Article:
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Finding Balance

“Almost every wise saying has an opposite one, no less wise, to balance it.”
George Santayana

About a year and half ago I began practicing yoga.  I did it to try a different kind of exercise.  It was extremely difficult physically in the beginning as I was using muscles in new and different ways and my ability to balance needed work.  The idea behind practicing yoga is to create symmetry throughout your body, making you stronger, flexible and balanced. It also draws a balance between the mental urge to push, control and be assertive, with the impulse to yield, submit and be passive.  In other words, by practicing what appears to be a physical endeavor, you begin establishing new habits of mind.  Only recently have I really begun to experience this connection, this important balance between the body and mind.

The Levi text discusses task-related and social-related skills of team members in this same manner – an essential balance for a high performing team:

“Although team members and managers often state that task skills are more important that social skills or likeability, they do not select new team members on that criterion.  Teams more often select likable people with limited skills than they do competent people who are difficult to work with” (Casciaro & Lobo, 2005 as cited by Levi).

Should I be selected by a team because I am likable or competent?  What is my balance?  In 1948 two researchers, Benne and Sheats defined 8 task and 8 social behaviors.  These are found in the Levi text on p. 67.  In reviewing their definition of these behaviors, I feel that my strengths are fairly equally divided in both behaviors.  At work, I believe my colleagues would say I am more of a task-oriented individual in project situations.  Group behaviors are closely related to and influenced by and by your role.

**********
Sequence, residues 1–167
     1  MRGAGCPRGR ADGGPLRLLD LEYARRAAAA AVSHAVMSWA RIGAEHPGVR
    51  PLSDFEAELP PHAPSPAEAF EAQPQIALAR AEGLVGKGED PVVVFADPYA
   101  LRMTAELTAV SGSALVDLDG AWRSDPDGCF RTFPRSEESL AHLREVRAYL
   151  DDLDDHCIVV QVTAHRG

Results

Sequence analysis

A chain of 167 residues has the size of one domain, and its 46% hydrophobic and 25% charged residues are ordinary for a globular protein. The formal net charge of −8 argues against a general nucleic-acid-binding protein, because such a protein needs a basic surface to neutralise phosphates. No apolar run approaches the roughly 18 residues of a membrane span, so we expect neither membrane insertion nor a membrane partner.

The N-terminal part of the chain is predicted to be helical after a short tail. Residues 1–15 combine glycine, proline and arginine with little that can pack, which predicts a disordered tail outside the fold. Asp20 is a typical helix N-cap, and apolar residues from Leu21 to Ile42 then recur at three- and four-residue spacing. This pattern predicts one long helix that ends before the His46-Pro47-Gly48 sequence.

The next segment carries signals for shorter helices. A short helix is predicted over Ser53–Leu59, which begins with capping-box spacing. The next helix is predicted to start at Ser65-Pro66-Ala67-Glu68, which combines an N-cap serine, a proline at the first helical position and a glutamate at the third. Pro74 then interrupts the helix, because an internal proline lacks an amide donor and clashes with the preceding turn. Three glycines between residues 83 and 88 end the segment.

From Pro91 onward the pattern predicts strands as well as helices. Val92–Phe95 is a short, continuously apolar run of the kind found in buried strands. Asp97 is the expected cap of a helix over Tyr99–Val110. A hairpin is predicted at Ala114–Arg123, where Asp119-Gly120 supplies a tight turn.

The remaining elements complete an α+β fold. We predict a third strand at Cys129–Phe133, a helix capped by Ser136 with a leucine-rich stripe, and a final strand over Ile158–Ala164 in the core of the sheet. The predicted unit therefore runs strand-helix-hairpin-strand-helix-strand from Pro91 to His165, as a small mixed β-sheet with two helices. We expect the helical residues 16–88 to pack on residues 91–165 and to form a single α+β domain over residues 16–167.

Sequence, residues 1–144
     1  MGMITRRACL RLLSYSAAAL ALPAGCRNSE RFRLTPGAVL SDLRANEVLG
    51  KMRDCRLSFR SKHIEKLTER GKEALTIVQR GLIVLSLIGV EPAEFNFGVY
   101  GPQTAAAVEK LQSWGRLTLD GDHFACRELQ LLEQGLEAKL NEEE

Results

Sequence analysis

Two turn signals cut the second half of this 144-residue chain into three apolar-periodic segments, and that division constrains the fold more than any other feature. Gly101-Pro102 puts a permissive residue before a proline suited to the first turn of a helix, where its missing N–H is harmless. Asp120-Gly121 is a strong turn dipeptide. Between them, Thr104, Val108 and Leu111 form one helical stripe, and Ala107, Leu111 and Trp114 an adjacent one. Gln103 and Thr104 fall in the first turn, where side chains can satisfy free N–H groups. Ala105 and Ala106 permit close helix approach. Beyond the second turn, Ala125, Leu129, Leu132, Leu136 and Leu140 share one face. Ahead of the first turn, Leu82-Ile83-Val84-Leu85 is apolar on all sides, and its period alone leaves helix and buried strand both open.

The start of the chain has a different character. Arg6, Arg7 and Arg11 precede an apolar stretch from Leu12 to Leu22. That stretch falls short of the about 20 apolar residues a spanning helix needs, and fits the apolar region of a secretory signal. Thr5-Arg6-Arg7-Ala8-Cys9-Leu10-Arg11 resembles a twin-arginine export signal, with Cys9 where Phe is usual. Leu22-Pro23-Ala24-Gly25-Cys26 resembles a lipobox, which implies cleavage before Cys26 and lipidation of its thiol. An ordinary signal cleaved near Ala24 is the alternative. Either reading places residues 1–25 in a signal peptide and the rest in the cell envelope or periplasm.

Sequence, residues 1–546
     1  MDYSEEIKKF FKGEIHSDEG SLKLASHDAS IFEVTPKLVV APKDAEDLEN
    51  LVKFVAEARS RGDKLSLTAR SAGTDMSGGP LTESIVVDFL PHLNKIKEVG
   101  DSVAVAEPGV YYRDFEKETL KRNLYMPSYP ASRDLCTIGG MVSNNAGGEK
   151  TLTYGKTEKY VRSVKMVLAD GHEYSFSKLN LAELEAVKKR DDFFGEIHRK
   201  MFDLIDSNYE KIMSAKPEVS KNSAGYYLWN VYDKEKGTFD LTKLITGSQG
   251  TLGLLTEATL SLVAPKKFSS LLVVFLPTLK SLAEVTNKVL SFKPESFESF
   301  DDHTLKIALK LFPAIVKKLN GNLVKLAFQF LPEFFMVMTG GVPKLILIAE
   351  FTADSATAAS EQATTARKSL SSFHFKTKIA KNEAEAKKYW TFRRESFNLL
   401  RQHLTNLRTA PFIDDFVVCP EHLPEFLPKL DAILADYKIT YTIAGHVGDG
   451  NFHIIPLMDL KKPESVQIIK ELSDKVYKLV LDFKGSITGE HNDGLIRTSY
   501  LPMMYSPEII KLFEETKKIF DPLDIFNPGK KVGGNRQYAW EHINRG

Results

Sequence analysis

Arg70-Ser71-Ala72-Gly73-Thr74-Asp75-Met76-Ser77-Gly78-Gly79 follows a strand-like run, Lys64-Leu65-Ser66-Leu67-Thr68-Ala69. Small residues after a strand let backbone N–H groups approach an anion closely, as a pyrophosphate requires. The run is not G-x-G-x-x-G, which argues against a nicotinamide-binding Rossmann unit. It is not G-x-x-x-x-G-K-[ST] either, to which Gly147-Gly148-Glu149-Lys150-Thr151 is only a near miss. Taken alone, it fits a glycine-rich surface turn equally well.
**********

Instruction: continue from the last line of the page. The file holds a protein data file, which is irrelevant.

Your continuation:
I determined that my three most dominant task behaviors are

  • Information seeker – requests more information to help in making decisions
  • Evaluator/critic – questions the group’s ideas and procedures
  • Opinion giver – provides opinions, values and feelings

And my three most dominant social behaviors are

  • Expediter – facilitates communication from others
  • Group process observer – observes and comments on the group’s process
  • Compromiser – shifts position in order to reduce conflict

Being a functional group member is like practicing yoga. The symmetry between task and social behaviors makes you stronger, flexible and balanced.

Namaste – “All that is best and highest in me greets/salutes all that is best and highest in you.”

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One Response to “Finding Balance”

  1. Seeking balance… It comes in so many forms – work/life, leader/follower, income/expenses. I realized from your blog posting that it is my instinct to find others who balance me too. The social behaviors that Beene & Sheats provides are not my strengths. But, I do find myself drawn to those who do have them. It is an instinctual need for balance. I know I need it, I know that any team that I am on needs it. This particular insight is one of the things that drove me back to grad school. It’s a safe place where I can learn about and try on these new skills.

    I have understood the basic meaning of yin & yang for years. Your post inspired me to dig a little deeper into what it means and google it. I’m not going to espouse Chinese philosophy here, I promise. What I did find interesting was this statement – Yin yang constantly interacts, never existing in absolute stasis. I guess balance is a moving target. You have to keep moving to stay balanced.


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